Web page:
Being elected as a Jurat is, in the Bailiff’s words, “the greatest honour Guernsey can bestow on a member of the community”. There are sixteen Jurats (listed here) and a new one is elected when an existing Jurat retires.
Our description of the role of a Jurat is one of our most popular sections of the Women in Public Life website – Guernsey folk are keen to understand our Bailiwick’s unusual and historic jury system.
So at each election, we create an Information Hub to help make the election of a Jurat more accessible to the public.
Candidates and election result
James Toynton was duly elected by the States of Election on Wednesday 13 October 2021.
- James Toynton, 52 votes
- Anne Setters, 37 votes
Listening to the election
The gallery at the Royal Court is closed to members of the public when a Jurat election is taking place. The seats are needed for the additional people who make up the States of Election.
However, whenever the States of Election meets you can listen in the same way that you would follow a States meeting:
- BBC Radio Guernsey 1116AM (medium wave radio)
- BBC Radio Guernsey online
- States of Guernsey website (go to gov.gg/States Meetings and click on ‘States Meeting 26 May 2021’).
If you can’t listen live, you can use the States Meetings link to hear a recording later.
The election process
The States of Deliberation is the body that meets regularly to decide how the Island is run. The States of Election is a larger group than the States of Deliberation and is made up of 38 Deputies, 34 Douzeniers, the 16 Jurats, the 10 Rectors, HM Comptroller, HM Procureur and the Bailiff.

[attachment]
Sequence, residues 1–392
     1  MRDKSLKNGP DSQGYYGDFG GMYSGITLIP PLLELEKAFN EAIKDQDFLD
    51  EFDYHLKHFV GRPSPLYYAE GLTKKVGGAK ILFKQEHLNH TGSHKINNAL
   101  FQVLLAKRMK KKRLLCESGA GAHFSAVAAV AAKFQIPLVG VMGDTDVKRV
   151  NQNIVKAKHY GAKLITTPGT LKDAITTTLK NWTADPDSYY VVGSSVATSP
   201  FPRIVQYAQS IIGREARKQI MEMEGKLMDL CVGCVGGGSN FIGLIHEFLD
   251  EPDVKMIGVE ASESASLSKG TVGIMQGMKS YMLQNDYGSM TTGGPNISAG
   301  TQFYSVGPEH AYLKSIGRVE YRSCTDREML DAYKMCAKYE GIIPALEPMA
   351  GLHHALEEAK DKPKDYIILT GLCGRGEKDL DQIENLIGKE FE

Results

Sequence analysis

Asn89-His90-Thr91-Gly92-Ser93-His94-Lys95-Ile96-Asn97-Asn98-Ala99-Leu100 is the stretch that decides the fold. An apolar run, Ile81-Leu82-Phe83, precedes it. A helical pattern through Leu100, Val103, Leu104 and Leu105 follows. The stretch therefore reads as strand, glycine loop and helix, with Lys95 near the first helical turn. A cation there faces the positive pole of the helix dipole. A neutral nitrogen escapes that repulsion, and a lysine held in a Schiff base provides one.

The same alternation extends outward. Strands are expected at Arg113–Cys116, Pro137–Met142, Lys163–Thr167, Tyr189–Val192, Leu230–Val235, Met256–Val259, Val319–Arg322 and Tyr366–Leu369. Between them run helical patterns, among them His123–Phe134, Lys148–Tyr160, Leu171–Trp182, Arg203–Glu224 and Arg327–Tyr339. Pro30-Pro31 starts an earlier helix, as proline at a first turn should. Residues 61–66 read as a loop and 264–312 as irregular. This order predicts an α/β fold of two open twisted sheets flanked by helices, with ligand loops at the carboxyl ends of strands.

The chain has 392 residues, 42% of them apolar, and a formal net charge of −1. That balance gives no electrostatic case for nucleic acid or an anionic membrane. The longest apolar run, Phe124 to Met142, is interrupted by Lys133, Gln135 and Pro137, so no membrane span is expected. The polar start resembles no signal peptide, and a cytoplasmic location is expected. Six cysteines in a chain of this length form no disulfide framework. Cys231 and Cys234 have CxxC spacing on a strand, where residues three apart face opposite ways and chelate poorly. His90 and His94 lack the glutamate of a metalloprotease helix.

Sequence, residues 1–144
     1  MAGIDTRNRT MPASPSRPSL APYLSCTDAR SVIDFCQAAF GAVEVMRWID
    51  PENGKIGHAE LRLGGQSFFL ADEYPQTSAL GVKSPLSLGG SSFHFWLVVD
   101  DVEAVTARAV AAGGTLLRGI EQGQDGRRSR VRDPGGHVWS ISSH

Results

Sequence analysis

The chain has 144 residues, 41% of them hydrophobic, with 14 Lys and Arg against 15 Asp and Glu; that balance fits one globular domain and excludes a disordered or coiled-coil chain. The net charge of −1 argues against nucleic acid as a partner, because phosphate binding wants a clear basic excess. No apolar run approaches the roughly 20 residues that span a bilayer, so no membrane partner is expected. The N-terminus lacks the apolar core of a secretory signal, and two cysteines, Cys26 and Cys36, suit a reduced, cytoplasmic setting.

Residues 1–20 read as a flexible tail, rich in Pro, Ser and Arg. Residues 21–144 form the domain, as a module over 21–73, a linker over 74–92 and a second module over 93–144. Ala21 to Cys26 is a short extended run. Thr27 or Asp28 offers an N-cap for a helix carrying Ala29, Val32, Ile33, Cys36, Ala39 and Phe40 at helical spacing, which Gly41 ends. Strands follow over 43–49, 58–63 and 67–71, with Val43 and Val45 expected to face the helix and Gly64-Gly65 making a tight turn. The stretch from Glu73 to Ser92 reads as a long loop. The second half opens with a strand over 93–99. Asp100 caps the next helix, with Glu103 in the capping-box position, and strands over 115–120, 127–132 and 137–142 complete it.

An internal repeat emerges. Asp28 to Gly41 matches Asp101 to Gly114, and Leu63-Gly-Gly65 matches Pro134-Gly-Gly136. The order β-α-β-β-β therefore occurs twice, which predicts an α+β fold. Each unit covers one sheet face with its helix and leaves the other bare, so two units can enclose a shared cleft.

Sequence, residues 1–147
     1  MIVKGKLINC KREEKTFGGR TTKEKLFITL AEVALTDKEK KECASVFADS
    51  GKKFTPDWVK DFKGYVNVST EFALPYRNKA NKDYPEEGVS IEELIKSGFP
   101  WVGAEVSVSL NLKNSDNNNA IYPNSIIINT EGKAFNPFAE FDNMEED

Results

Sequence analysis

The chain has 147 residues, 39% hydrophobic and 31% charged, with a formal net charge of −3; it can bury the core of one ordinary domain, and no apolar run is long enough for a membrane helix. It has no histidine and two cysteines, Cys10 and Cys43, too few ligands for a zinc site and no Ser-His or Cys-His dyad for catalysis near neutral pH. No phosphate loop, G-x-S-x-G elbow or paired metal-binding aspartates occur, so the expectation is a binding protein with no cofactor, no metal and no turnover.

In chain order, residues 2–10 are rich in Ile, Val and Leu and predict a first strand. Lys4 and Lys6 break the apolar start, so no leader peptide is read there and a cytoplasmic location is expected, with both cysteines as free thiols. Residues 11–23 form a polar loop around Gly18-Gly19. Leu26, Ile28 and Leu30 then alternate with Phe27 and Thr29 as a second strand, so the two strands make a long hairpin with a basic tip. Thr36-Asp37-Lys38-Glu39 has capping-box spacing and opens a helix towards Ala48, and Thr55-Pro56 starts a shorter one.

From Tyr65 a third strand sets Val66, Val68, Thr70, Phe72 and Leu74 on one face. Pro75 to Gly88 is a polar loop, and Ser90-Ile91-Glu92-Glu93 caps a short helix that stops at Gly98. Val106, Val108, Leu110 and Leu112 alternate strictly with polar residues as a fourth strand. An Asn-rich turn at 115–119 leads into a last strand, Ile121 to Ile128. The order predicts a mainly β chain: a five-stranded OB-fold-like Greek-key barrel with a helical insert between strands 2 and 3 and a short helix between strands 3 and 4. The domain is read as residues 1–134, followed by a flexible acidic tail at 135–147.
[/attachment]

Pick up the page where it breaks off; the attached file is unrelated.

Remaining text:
Members of the States of Election are provided with the nomination forms and CVs of each candidate in advance.
The States of Election meets in the Royal Court at 9.30am on a Wednesday morning, ahead of a States of Deliberation meeting.
After a roll call to verify who is present, both the proposer and seconder of each candidate make a short speech explaining why the person that they are supporting is suitable for the role of Jurat.
The candidates do not speak. In fact, they are not present for the election.
After the speeches, each elector fills in a voting slip and places it in a ballot box. It is a secret ballot, no-one knows who has voted for whom. Each elector has one vote.
There is a pause while the votes are counted. Then the Presiding Officer (usually the Bailiff) reads out the result.
If one candidate has received more than 50% of the votes, that person is duly elected.
If no candidate has received more than 50% of the votes then the candidate with the lowest number of votes is eliminated and the voting process is repeated.
Once a candidate has passed the 50% threshold the Presiding Officer declares that candidate to be duly elected. He or she instructs HM Sheriff to find the person in question to inform them of their election and request their presence in Court at a later date to be sworn in.
HM Sheriff must relay the Bailiff’s message in person. She has prepared a list of the likely locations of each candidate.
The swearing in
The new Jurat is sworn in at a meeting of the Royal Court. If you would like to watch, contact the Bailiff’s Chambers on 226161 to find out the date and whether there will be space (family members naturally take priority). The swearing in of a Jurat is a process steeped in history and tradition – you can read a full description here.
Only one Jurat can be elected at once. Candidates who are not successful in their first election are permitted to stand again if they wish.